158 Practical Modern SCADA Protocols: DNP3, 60870.5 andRelatedSystems 6.3.11 Flags in objects Slave devices may ignore whether a master calls for data with or without flags, and may send the requested data with or without a flag at the choice of the slave. The rules are: 6.3.12 16- and 32-bit variations • Slave may decide when to provide flag • Slave may ignore whether master asks for flag or not • If slave does not provide flag, point may be assumed to be normal, ie no fault bits set • A master must be able to process object variations with or without flags • A slave must have a default configuration for object variation responses to non-specific requests • These are class or variation 0 requests • Slave responds with default variation • Slave must respond with specific variation if requested 6.3.13 Over-range analog objects • If a hardware device is over-range, over-range flag is set • But hardware data is reported unaltered • This could be +2047 or –2048 for a 12-bit DAC for example If a hardware device is over-range: • Over-range bit in flag field is set • Data is reported as is from device If a measured value is within range of the hardware, but exceeds that which can be represented by the data object variation requested, then a maximum positive or negative value is returned. 6.3.14 Counter roll-over There is a problem in interpretation of the roll-over flag for counter objects. This arises from the flexibility provided by object variations which means a master will not know whether a counter rolled over at 16 bits or 32 bits. • Slaves may choose not to set the roll-over flag • Roll-over point must be specified in device profile • A slave must have a default configuration for object variation responses to non-specific requests. This will specify the default counter object size • A slave must provide at least 16 bits of a 32-bit counter if polled for 16-bit counter object • Master must poll frequently enough to avoid roll-over in polled systems It is recommended that roll-over flags are not set by slave devices and are ignored by masters.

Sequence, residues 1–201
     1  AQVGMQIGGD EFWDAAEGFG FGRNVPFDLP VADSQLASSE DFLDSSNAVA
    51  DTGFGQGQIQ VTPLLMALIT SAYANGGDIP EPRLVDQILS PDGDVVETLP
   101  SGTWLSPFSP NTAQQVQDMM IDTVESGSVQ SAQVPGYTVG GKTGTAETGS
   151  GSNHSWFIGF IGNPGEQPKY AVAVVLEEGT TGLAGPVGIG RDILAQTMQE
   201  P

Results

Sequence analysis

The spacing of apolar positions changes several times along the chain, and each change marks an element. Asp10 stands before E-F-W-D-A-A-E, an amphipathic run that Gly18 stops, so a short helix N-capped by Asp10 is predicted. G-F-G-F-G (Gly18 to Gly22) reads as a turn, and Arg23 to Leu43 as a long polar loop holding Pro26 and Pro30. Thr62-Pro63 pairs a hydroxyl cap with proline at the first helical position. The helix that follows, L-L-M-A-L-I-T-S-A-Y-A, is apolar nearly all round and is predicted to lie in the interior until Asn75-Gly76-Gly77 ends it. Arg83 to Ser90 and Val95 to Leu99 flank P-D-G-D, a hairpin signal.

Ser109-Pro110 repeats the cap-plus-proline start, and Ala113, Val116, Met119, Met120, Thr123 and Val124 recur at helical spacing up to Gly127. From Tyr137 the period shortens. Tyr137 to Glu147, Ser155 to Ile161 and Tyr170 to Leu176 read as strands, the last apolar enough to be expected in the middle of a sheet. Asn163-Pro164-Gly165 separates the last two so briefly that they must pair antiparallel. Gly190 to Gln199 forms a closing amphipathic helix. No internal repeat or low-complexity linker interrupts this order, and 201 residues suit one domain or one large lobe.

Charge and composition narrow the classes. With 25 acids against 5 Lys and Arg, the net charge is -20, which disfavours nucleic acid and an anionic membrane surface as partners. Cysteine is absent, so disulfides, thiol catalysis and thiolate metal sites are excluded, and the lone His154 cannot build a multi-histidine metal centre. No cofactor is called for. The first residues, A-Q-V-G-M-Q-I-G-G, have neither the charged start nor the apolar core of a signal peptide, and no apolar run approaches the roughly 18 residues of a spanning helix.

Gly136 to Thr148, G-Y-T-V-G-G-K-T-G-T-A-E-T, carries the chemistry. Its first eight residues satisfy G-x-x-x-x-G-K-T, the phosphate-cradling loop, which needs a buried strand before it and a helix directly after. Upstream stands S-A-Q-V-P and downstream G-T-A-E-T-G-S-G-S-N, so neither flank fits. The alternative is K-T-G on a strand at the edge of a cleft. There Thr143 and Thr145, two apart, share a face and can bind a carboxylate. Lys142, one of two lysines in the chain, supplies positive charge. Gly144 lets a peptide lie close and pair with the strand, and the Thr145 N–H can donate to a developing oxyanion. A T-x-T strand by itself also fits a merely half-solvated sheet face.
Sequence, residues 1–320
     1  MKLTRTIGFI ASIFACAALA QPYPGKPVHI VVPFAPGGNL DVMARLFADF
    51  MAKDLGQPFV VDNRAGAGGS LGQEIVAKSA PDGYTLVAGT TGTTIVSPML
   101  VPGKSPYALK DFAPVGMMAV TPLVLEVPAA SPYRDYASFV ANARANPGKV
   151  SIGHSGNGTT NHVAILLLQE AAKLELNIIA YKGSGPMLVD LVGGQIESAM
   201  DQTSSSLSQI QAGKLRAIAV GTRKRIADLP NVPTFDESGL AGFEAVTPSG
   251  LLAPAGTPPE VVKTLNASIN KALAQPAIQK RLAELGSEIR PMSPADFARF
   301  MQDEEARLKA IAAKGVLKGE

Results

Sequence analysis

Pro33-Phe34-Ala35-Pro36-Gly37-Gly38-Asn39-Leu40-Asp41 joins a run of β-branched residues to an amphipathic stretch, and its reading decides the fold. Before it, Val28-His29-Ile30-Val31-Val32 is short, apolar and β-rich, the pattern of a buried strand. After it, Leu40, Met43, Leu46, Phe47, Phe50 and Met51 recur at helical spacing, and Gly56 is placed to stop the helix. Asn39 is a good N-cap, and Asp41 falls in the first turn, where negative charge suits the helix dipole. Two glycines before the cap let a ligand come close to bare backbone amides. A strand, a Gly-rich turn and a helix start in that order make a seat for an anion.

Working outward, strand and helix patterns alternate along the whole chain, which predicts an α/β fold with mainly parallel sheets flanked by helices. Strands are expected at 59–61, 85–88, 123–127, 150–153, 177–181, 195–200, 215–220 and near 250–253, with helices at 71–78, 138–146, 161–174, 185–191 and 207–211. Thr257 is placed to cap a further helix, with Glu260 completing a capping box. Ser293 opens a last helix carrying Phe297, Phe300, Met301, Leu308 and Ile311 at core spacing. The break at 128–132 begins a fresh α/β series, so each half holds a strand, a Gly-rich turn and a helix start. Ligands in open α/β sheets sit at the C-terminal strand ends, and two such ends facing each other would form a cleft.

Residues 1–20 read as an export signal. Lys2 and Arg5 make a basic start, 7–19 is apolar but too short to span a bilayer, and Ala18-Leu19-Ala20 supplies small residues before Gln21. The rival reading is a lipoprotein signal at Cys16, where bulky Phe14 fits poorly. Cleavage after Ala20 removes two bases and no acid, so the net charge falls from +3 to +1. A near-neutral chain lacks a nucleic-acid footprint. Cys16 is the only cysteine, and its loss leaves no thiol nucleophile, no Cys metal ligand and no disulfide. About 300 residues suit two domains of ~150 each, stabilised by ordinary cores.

6.3.15 Time-tagged binary input events 6.3.16 Freeze operations 6.3.17 Time synchronization Advanced considerations of distributed network protocol 159 • Event sequence must be preserved • Non-specific event object requests, ie for class or variation 0 data return: • Time-tagged event object, or • Non-time-tagged event object, or • Both. In this case device must be configurable to limit reporting to one or the other • A master must request freeze operations on binary counter objects only (object 20), not on frozen counter objects (object 21) • Level 2 or 3 devices must support freeze operations on binary counter objects, if they have them • They are not required to support reads of frozen counter objects A slave device does not need to support delay measurement or write operations on time and date if it never sets the time synchronization required internal indication bit. It is recommended that if relative time event objects are used, an unsynchronized CTO object should be used if the slave’s time has not been set by the master. 6.4 Conformance testing 6.4.1 General One of the recognized strengths of DNP3 is the existence of detailed compliance certification test procedures. These are produced and maintained by the DNP3 User Group. Currently the certification test procedures specify the test requirements and procedures for conformance testing of IEDs to DNP3 levels 1 and 2. The documents also contain some clarifications and extensions to Basic Four documents. It is important to note that the certification procedures are focussed on the minimum requirements, as implemented in IEDs rather than at the level of SCADA master stations. This shows that although conformance and interoperability can be assured for systems featuring equipment certified to level 1 or level 2, there is no assurance for features and functions above these levels. Thus, if a system is to incorporate a diverse range of equipment with extended specifications (IEDs with many functions above the level 2 implementation sub-set), then specific assurance testing may be appropriate. 6.4.2 Specification The protocol specification is clarified by the certification procedure as being made up of the following documents: • Basic Four: • DNP Version 3.00 Data Link Layer • DNP Version 3.00 Transport Functions